We know you must be thinking that there is something severely wrong with your vehicle if your car won’t turn on, but lights come on. Just because the electrical components seem to be working in your car doesn’t mean that everything runs smoothly and properly in the other internal systems.
Since there are various systems within the car, the transmission, engine, and other issues, like the fuel system and the liquid delivery system, could have completely separate damage from any lighting components.
If your car won’t start, but lights come on, and the radio is turning on, it could be a few different problems. The most likely culprit for this issue usually deals with the battery. The reason why the radio, the dashboard warning lights, the headlights, and other electrical components can get power while the engine cannot has to do with an interrupted path of flow of power directed towards the engine.
If this happens, you will notice your car won’t start, but lights come on, which can indicate a serious and dangerous issue in your car that might only get worse over time.
Reasons Why Car Won’t Start But Lights Come On
Let’s check out the main reasons why your car won’t start but lights come on. Since it can be due to various issues, you must diagnose and troubleshoot the root cause of the problem so that you can prevent it from getting any worse or fixing the wrong part in your vehicle.
Fuses and Fusible Link Damage
First, check your car’s manual to find the fuse box’s location to see if the fuse or wire is damaged. Suppose the metal wire in the plastic is damaged or disconnected. In that case, a damaged fuse might prevent power from getting to the starter relay, which is necessary to provide the ignition, the spark, and the power to run your vehicle. Any visible damage to a fuse or fusible links can cause the “car won’t start, but lights come on ” issue in your vehicle.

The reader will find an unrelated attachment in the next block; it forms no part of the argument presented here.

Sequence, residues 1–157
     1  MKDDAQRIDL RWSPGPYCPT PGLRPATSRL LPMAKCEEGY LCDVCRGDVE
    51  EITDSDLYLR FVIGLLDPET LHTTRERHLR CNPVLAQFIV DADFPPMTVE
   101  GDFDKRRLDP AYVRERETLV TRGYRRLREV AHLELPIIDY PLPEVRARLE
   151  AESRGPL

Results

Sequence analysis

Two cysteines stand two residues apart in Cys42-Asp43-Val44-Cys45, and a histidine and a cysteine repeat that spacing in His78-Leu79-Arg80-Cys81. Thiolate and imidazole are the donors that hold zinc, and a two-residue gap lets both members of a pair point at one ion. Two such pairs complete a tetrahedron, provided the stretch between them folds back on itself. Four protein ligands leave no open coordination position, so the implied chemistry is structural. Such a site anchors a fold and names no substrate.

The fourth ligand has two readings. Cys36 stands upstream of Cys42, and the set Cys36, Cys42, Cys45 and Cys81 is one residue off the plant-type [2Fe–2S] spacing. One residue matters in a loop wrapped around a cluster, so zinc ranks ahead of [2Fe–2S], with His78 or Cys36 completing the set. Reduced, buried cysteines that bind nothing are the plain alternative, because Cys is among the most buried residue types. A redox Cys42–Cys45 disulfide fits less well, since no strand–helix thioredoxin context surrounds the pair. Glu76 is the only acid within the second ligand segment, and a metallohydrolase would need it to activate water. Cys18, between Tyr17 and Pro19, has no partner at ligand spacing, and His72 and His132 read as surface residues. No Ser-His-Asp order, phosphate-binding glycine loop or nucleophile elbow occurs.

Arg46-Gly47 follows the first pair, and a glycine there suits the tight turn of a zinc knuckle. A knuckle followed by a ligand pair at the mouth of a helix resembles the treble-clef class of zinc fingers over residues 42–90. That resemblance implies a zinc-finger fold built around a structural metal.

Faulty Ignition Switch
If you determine if the fuse is in good shape, then the real problem is the car’s ignition switch. The ignition switch is the electrical switch inside that your key touches when the mechanical part is inserted into the ignition. In some situations, the ignition switch can only give the electrical components power and avoid the engine starter. If this is the case with your ignition switch, you can experience the “car won’t start but lights come on” situation.
Signs of Failing Ignition Switch
There are noticeable signs of a failing ignition switch. One sign is that the car can stall while driving. If this happens, it is a very hazardous driving situation, as the ignition will cut off power to the fuel systems. The second sign of a failing ignition switch is that the ignition switch might constantly be in the “on” position, always giving power to the fuel pump and overloading the sensor.
In addition, another sign of a failed ignition switch is when you have trouble turning on the electrical accessories in your vehicle. When you insert the key and turn it, the accessories might not power on. If this is the case, then you will have ignition problems, fuse issues, and wiring issues that can cause the “car won’t start, but lights come on” issue.
Analyzing a faulty ignition switch’s symptoms can help you prevent the “car won’t start but lights come on” issue. Diagnosing and remedying a broken ignition switch is a bit more complicated than checking for a broken fuse. However, the good way to check is that if the instrument panel and dashboard lights do not turn on when the key ignition is moved, the problem is most likely with the ignition switch.
One of the main reasons why the engine might not be starting is a dead or dying battery. Just because some of the electrical parts are working, they can sometimes run on a deficient charge – a charge that is so low your car won’t start, but lights come on.
Like the headlights, radios, and other electronics, some parts might only require a minimal amount of power. This means that these components can function normally on a very low or almost dead battery. Since these parts need no more than usually 20-30 amps, they can run on a nearly dead battery and prevent any voltage drainage or waste.